Perceived Food Allergy in Children in 10 European Nations
A Randomised Telephone SurveySteinke M.a · Fiocchi A.c · Kirchlechner V.d · Ballmer-Weber B.e · Brockow K.b · Hischenhuber C.f · Dutta M.e · Ring J.b · Urbanek R.d · Terracciano L.c · Wezel R.a
aInstitut für Angewandte Verbraucherforschung e.V., Cologne, and bDivision of Environmental Dermatology and Allergy GSF/TUM, Department of Dermatology and Allergy Biederstein, Technical University of Munich, Munich, Germany; cMelloni Paediatria, University of Milan Medical School at the Macedonio Melloni Hospital, Milano, Italy; dDepartment of Pediatrics and Juvenile Medicine, Medical University of Vienna, Vienna, Austria; eAllergy Unit, Department of Dermatology, University Hospital Zurich, Zurich, and eNestlé, Nestec Quality Management, Vevey, Switzerland
Do you have an account?
- Rent for 48h to view
- Buy Cloud Access for unlimited viewing via different devices
- Synchronizing in the ReadCube Cloud
- Printing and saving restrictions apply
Rental: USD 8.50
Cloud: USD 20.00
Article / Publication Details
Background: Food allergy is targeted as a public health priority by the European Union Commission. Parental perception of food allergy in their offspring is a proxy measure of the potential demand for allergy medicine services in the paediatric population. Methods: A representative sample of the general population was contacted by a randomised telephone survey in Austria, Belgium, Denmark, Finland, Germany, Greece, Italy, Poland, Slovenia and Switzerland. A standardised questionnaire was administered regarding parentally perceived food allergy reports, symptoms, foods and medical service use by their live-in children. Results: 40,246 adults were polled, yielding data on 8,825 children. Parentally perceived food allergy prevalence was 4.7% (90% CI 4.2–5.2%). The most affected age group was 2- to 3-year olds (7.2%). Single-country incidence ranged between 1.7% (Austria) to 11.7% (Finland). Milk (38.5%), fruits (29.5%), eggs (19.0%) and vegetables (13.5%) were most often implicated, although with significant age-linked variations. Medical treatment was needed by 75.7% of affected children because of a food reaction. This translates into a proxy measure for food allergy prevalence of 3.75%. Skin symptoms were widespread (71.5%), followed by gastrointestinal (27.6%) and respiratory (18.5%) symptoms. Discussion: We provide the first point prevalence of parentally perceived food allergy in the general paediatric population across the European Union. Parental reports confirm the public health significance of adverse reactions to some foods in specified age groups. Our data may inform intervention planning, cost of illness assessments and quality-of-life-enhancing public health measures.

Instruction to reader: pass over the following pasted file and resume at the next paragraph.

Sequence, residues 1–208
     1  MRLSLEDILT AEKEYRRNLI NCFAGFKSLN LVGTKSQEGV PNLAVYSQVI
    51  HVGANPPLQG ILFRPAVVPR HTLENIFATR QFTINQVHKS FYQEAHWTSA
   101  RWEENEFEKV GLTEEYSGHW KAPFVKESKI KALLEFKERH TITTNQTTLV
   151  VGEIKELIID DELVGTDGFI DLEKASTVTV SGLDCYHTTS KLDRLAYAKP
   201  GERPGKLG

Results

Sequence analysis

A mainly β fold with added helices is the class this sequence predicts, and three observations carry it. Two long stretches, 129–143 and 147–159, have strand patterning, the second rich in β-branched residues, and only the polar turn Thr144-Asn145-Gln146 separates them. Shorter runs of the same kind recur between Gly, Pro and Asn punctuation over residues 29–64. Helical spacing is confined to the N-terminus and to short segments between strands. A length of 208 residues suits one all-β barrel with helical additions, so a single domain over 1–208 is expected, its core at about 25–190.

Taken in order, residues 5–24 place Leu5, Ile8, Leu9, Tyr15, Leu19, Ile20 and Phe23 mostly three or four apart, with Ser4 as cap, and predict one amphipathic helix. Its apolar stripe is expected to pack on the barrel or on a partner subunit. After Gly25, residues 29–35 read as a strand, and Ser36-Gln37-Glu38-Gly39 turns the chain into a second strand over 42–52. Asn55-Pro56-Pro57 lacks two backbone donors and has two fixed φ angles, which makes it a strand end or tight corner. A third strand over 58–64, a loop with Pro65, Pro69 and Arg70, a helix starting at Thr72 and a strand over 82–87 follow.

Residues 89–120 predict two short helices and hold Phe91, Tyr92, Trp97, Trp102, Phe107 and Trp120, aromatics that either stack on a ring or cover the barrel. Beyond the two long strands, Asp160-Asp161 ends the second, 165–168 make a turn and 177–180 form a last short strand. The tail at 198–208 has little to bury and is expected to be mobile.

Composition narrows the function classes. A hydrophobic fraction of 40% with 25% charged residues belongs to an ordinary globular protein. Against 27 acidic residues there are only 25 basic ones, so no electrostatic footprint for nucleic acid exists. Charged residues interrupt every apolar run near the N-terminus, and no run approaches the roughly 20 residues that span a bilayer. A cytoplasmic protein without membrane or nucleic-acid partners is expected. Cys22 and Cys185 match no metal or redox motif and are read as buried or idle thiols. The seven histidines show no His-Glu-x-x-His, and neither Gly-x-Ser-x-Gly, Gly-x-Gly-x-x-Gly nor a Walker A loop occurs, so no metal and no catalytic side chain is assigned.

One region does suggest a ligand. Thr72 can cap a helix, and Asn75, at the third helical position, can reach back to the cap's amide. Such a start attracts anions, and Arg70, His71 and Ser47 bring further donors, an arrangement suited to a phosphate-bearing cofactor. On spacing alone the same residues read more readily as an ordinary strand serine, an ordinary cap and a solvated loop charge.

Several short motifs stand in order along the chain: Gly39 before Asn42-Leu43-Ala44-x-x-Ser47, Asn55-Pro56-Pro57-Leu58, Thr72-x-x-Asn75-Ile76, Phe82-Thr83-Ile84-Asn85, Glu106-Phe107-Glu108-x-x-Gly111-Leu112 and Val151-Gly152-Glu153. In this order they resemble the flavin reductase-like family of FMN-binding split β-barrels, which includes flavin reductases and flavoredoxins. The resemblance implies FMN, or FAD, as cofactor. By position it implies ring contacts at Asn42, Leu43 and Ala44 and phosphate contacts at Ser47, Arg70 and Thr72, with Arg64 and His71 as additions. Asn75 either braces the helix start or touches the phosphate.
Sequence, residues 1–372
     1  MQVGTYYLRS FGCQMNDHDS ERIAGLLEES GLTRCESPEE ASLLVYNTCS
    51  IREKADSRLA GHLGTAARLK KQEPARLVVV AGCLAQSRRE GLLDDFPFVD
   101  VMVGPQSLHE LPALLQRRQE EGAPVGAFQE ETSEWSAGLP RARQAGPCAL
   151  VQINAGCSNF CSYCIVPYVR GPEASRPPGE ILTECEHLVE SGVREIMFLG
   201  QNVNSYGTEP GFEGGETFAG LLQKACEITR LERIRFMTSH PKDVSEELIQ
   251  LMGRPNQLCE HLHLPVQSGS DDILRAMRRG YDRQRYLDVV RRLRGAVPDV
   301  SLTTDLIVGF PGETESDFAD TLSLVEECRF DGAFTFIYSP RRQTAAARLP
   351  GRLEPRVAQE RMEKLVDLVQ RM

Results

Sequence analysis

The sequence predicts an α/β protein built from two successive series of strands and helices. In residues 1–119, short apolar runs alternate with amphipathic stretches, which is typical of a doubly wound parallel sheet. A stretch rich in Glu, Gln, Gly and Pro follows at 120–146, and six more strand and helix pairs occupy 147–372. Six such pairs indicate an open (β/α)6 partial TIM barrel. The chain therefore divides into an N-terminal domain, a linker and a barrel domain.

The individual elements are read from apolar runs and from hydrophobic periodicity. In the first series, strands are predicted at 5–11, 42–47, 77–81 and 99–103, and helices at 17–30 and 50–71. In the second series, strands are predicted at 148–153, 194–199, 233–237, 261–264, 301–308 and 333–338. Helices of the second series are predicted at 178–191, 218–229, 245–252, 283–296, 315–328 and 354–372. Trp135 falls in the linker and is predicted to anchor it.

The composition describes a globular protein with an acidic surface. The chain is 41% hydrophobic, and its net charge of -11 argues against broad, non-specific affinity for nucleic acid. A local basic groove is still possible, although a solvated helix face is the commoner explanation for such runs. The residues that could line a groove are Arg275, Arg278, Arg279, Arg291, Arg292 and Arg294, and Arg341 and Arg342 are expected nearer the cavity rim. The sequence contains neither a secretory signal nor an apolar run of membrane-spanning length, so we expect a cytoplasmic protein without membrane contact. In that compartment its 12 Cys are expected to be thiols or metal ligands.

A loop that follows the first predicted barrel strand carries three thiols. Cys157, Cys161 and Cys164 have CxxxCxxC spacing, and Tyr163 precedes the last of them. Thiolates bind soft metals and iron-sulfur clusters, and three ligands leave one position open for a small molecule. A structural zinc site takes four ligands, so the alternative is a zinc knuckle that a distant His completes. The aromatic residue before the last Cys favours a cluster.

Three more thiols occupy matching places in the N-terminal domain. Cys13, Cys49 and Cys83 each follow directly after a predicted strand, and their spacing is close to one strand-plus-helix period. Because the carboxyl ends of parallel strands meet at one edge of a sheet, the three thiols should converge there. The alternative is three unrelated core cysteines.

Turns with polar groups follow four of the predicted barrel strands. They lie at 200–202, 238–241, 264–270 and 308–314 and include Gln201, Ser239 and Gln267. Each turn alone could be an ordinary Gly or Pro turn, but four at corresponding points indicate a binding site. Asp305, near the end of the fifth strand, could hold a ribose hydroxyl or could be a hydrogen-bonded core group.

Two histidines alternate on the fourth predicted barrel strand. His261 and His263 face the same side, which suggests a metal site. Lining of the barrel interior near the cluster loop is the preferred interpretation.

© 2007 S. Karger AG, Basel
Article / Publication Details
Copyright / Drug Dosage / DisclaimerCopyright: All rights reserved. No part of this publication may be translated into other languages, reproduced or utilized in any form or by any means, electronic or mechanical, including photocopying, recording, microcopying, or by any information storage and retrieval system, without permission in writing from the publisher.
Drug Dosage: The authors and the publisher have exerted every effort to ensure that drug selection and dosage set forth in this text are in accord with current recommendations and practice at the time of publication. However, in view of ongoing research, changes in government regulations, and the constant flow of information relating to drug therapy and drug reactions, the reader is urged to check the package insert for each drug for any changes in indications and dosage and for added warnings and precautions. This is particularly important when the recommended agent is a new and/or infrequently employed drug.
Disclaimer: The statements, opinions and data contained in this publication are solely those of the individual authors and contributors and not of the publishers and the editor(s). The appearance of advertisements or/and product references in the publication is not a warranty, endorsement, or approval of the products or services advertised or of their effectiveness, quality or safety. The publisher and the editor(s) disclaim responsibility for any injury to persons or property resulting from any ideas, methods, instructions or products referred to in the content or advertisements.